LOS ANGELES—The health of singer-songwriter Joni Mitchell has been the subject of conflicting information, with her website stating she is alert and expected to make a full recovery but a longtime friend saying in a court filing that she is unconscious and unable to care for herself.
The Canadian native, 71, has been hospitalized since March 31 for undisclosed reasons. Her friend Leslie Morris filed a petition to become Mitchell’s guardian on April 28, saying the singer-songwriter is unable to care for herself.
Within hours, Mitchell’s official website said, “She comprehends, she’s alert, and she has her full senses. A full recovery is expected.”
Morris’s filing was accompanied by a doctor’s declaration that Mitchell would be unable to attend a court hearing for four to six months, but it included no additional details on her condition or prognosis. Dr. Paul Vespa checked a box signed April 25 indicating that Mitchell was unable to participate in her medical care.
“At this time (Mitchell) remains unconscious and unable to make any responses, and is therefore unable to provide for any of her personal needs,” according to the filing.
Morris sought a court order because Mitchell does not have any family who can serve as her conservator and assist with her care and medical decisions. The filing does not seek control over Mitchell’s finances.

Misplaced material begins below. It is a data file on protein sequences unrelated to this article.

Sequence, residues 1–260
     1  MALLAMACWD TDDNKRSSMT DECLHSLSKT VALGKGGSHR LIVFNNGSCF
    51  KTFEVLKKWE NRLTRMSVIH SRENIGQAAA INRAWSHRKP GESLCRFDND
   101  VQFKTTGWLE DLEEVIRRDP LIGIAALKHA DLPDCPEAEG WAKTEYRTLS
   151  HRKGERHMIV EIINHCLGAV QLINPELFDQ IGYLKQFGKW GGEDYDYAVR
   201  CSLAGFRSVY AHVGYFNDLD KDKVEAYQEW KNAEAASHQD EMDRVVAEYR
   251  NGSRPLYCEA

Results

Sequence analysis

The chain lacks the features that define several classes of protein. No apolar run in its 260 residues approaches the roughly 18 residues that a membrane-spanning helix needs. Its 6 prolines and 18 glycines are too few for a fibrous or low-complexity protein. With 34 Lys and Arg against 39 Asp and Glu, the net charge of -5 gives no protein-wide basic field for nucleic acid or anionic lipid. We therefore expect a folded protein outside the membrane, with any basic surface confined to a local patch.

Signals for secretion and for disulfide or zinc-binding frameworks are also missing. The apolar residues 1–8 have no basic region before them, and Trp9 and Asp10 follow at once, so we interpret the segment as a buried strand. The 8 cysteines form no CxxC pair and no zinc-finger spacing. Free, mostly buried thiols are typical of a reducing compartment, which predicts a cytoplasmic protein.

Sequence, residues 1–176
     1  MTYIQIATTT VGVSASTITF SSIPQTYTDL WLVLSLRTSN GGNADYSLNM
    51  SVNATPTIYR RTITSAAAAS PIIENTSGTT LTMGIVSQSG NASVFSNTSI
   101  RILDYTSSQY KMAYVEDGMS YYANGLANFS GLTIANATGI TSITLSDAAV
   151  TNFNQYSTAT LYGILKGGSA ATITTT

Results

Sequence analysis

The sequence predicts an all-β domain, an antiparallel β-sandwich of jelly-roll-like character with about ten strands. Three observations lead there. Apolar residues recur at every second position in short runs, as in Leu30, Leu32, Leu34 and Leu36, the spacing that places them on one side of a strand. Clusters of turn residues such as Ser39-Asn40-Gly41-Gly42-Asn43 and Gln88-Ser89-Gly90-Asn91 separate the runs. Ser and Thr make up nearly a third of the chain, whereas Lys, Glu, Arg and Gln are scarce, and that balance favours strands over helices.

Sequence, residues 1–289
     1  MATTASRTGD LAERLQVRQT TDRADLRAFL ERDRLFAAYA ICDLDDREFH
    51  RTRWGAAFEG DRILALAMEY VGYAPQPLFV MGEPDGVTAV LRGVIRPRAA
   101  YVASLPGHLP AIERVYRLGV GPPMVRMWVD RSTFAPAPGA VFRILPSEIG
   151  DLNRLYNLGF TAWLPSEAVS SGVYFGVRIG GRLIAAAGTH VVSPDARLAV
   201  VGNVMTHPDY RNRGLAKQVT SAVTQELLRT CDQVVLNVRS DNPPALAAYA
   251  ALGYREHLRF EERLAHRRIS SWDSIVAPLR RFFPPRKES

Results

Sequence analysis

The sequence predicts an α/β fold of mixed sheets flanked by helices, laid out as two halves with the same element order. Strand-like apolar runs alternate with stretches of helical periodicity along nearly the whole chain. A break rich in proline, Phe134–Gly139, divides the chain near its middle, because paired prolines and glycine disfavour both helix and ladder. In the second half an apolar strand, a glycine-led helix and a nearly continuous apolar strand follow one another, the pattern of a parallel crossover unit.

Mitchell’s website says Morris’ filing seeks authority to make decisions for the singer once she leaves the hospital and isn’t under the 24-hour care of a doctor. A court hearing is scheduled for July 8.
Morris and her attorney, Alan Watenmaker, did not return phone messages.
Mitchell has received eight Grammy Awards, including a lifetime achievement award in 2002. She was inducted into the Rock and Roll Hall of Fame in 1997.
She started her career as a street musician in Canada before moving to Southern California, where she became part of the flourishing folk scene in the late 1960s. Her second album, “Clouds,” was a breakthrough, winning Mitchell the Grammy for best folk performance.
Her 1970 album, “Ladies of the Canyon,” featured the hit single “Big Yellow Taxi” and the era-defining “Woodstock.” The following year, she released “Blue,” which ranks 30th on Rolling Stone magazine’s list of the “500 Greatest Albums of All Time.”
Her musical style integrates folk and jazz elements, and she counts jazz giants Charles Mingus and Pat Metheny among her past collaborators.